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Why the Cubs bullpen didn’t know they were throwing a no-hitter

1 year agoAndy Martinez

Nestled in right field between sections 52 and 302 at historic Dodger Stadium sits the visitors’ bullpen.

The blue wall of advertisements is broken up in the corner of the stadium with a chain-linked door that swings open to allow visiting relievers to enter the playing field. The bullpen is tucked between the two seating sections and a plaza area above and behind it, with the only direct view onto the field through that chain-linked fence.

“It’s kind of tough to see the game here,” Cubs reliever Ryan Tepera admitted.

The only relief for the visiting relievers is a small TV where they can catch the game and see what their eyes can’t.

“But with the new rules it’s just kind of like an overhead so there’s not the box score and all that kind of stuff going on,” Cubs’ closer Craig Kimbrel said.

Couple that with the movement that the Dodgers had on the basepaths — the Dodgers drew 8 walks Thursday night — and it’s easy to see why Cubs’ relievers thought they were just coming in to preserve a 4-0 lead.

“When there’s a lot of traffic on the bases, you don’t really assume that they’re all walks,” Kimbrel said. “You kind of figure, ‘OK maybe one of them’s a single or something like that.’”

Except that was from the truth.

Tepera, Andrew Chafin and Kimbrel were all entering the game, trying to preserve the no-hitter that Zach Davies had carried through six innings.

“Completely oblivious,” Chafin said.

Tepera was the first guy tasked with trying to preserve the no-no.

He induced a flyout to Albert Pujols and a groundout the AJ Pollock for the first two outs. Then he worked a 3-0 count on Gavin Lux. Willson Contreras called for a rare, 3-0 slider.

“I shook and then shook again, and he went back to it, so I went, “All right.” I just threw it,” Tepera said.

It was a four-pitch walk. Contreras wasn’t taking any chances with a chance at his first no-hitter as a catcher.

Tepera finished the inning inducing a lineout from Austin Barnes to second baseman Eric Sogard. Tepera strolled off the mound, walked into the dugout and looked at the scoreboard.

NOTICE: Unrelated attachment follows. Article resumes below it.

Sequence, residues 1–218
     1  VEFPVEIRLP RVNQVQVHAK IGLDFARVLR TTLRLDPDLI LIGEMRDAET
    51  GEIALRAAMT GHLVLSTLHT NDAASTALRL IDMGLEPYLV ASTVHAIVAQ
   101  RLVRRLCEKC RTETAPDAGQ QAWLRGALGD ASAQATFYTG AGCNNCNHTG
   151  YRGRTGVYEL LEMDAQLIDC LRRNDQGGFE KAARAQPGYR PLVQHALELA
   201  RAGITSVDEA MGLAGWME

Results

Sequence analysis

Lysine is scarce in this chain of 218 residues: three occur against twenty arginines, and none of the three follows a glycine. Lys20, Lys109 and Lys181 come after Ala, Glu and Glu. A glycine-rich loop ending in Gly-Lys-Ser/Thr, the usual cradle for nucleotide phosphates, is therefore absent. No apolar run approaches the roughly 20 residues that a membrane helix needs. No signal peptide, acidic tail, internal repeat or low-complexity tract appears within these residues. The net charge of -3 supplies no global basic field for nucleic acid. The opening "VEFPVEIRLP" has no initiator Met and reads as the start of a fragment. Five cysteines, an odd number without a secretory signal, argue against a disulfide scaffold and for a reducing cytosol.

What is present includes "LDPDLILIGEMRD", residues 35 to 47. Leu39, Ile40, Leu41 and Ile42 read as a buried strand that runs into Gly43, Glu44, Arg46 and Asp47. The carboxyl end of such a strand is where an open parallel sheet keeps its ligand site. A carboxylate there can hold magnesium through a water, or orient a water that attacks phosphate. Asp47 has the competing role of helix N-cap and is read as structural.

“‘Oh, wow. Now it all makes sense,’” Tepera thought to himself.

Then, it was Chafin’s turn.

He got Steven Souza Jr. to flyout to lead off the inning, then walked Mookie Betts. Against Max Muncy, Chafin forced a groundball to Anthony Rizzo at first. Rizzo tagged the base, flipped the ball to Javy Báez at second and he tagged Betts to end the inning.

Chafin walked into the Cubs dugout to have some arm work done so he’d be ready to go Friday if needed. That’s when he had a similar reaction as Tepera.

“I’m sitting in there going with a couple of trainers that were in there and it had a stat at the bottom of the TV saying something about there has been six no-hitters this year,” Chafin said. “I was like, ‘wait a second,’ why would they be showing that stat at this point in the game?”

That’s when it hit him.

“Oh, [expletive],” Chafin thought.

The rest of the no-hitter lay on Kimbrel’s lap. He was warming up in the Cubs’ pen with Dan Winkler and was looking at a rare non-save opportunity.

“I had no clue when I came into the game that we had a no-hitter,” Kimbrel said.

Kimbrel started the inning off with a 4-pitch walk. All three Cub relievers had one walk Thursday night.

“I think they all needed to get a walk in just to make the heart rate go up a little bit,” David Ross joked after the game.

Then it was vintage Kimbrel. He struck out Cody Bellinger, Pujols and Will Smith to end it and seal the Cubs 17th no-hitter in franchise history.

Only, Kimbrel still didn’t know. He walked towards Contreras to shake his hand on what he thought was an ordinary June win.

“When Willy gave a big fist pump, I knew something was up,” Kimbrel said.

Then Tepera came sprinting onto to the field with the rest of the Cubs dugout and hugged Kimbrel.

“You have no idea what happened,” Tepera whispered into Kimbrel’s ear.

A few moments later, it hit Kimbrel. And from the pitcher’s mound on Dodger Stadium, there was no doubt what had just happened.

There were no obstructed views to history.

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